In The Post:
Stay Sharp With These 4 Winter Golf Tips!
Gray skies, wind, rain and even snow! What can a keen golfer get up to in the long winter months? Well, if you really put your mind to it, there’s tons to do. So, here are 4 tips that will help you get off the sofa and get those clubs out.
The winter months are a great time to get in some useful practice – most average golfers are guilty of not practicing enough, especially the short game. When did you last practice putting, even though a 2-foot putt has the same value on your scorecard as a 250-yard drive, both one stroke on your card.
The winter months are a great time to practice
It’s windy, raining and cold and you’re not going to play that Sunday morning round with your buddies. So instead of mooching around at home, the first of the 4 tips is to get yourself down to the golf range. But, when you get there, don’t do what nearly all golfers do, which is smack 100 balls into the distance, especially the last one, because they want to end on a high.
No, the best way to practice at the range is to hit every ball with focus and with purpose.
Start with a pitching wedge. Set yourself a challenge – make it interesting. It doesn’t matter what distance you hit the ball with a normal swing; your aim is to hit 10 shots as close to the 100-yard flag as possible. Choke down a little if you feel it will help. This is a good tip for the average golfer. Choking down will probably mean you won’t hit the ball as far but in the cold winter months, the ball doesn’t travel as far anyway.
Next, try your 7-iron. Your only objective is to hit 10 shots as close to the 150-yard flag as possible. Focus on that, nothing else. Give yourself a clap on the back each time you get close.
Give your 3-iron a go and try and get 10 balls as close as possible to the 200-yard flag.
You get the idea. Always hit balls with purpose and focus. Don’t waste them.
Ok, I’ll allow 5 smacks with the driver. Got to keep warm!
And talking of keeping warm…
How to keep warm and dry in bad weather
Talking of keeping warm and dry, even if you are on the range, but more importantly, if you have made it to the golf course, wear a woolly hat and weather-proof or water-proof clothing. Carry a spare glove in your bag, your first one will get wet and that’s not nice! Take a golfing umbrella with you in case it rains, and you can keep your towel dry hanging under the umbrella. Good tip. Buy some winter mittens; it’s very important to keep your hands warm during a round.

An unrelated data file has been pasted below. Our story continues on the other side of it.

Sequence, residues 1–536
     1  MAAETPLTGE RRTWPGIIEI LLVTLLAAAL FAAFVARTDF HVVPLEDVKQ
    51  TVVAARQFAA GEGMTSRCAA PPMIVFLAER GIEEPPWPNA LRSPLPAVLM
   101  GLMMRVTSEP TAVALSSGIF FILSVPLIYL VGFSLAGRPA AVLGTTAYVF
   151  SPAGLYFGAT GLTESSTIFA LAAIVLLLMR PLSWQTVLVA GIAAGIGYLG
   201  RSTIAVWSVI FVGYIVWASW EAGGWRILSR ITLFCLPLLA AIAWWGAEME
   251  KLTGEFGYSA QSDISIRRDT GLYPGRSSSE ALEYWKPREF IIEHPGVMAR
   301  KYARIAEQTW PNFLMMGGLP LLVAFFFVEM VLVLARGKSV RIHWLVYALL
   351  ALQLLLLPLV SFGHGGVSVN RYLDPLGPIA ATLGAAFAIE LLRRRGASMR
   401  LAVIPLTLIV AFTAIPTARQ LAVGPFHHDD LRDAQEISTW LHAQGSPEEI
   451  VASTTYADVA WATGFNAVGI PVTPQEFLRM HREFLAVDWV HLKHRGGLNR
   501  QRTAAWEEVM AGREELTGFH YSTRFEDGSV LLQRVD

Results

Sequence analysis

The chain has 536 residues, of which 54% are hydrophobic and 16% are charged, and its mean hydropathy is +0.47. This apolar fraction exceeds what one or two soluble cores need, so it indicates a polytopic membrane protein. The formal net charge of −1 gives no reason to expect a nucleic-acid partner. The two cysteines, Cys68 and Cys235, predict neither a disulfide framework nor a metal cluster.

Beginners don’t always do this but it’s important to warm up before any round of golf, especially when it’s cold and this is also important before you launch into those range balls.. Make an effort to arrive at the club an hour early to do some stretching exercises, swing a long club around your body parallel to the ground. And do some practice pitching and putting to get used to the speed of the greens in the bad weather.
Walk rather than take a buggy, you’ll stay warmer and looser.
Practice at home
If you really don’t want to go outside, the weather is so bad, then there some things you can do to practice even at home.
Putting practice in the warmth of your home can be very enjoyable and useful. There are no humps and bumps to contend with but getting the speed or pace right is hugely important. Here are some great indoor putting mats which can be good fun.
You could buy a small artificial turf mat for practicing full swings in your garden. Don’t go hitting balls over the fence though!
Winter is also a good time to catch up on reading those golfing magazines and which often contain some great tips.
Regular exercise and stretching during the winter months are great to get ready for your first Spring round of golf.
What are winter rules
The last of the 4 tips is to understand the rules. Many
The main thing you need to understand about winter rules, is that they are nothing to do with the USGA or PGA, they are local rules applied by your golf club committee, and they only apply while there is a notice up somewhere saying “Winter rules apply”.
So, preferred lies, is not some rule that automatically comes into effect in November. It is a local rule that the club committee has decided to apply because of the inclement conditions. Also, you should find out what distance you can move your ball; 6 inches or a club length, maybe, and never not nearer the hole. Don’t forget to mark your ball before you pick it up, and remember you are only allowed one pick up per stroke, and you can only mark, lift, clean and replace your ball if it lands on a closely-mown area. You are not allowed take a preferred lie from the rough.
If you don’t follow these rules when making a preferred lie, you will incur a penalty of one stroke for moving the ball in play and the ball must be replaced.
So, be aware of and use the local rules but don’t break them.
We hope that these 4 tips will help improve your game. E
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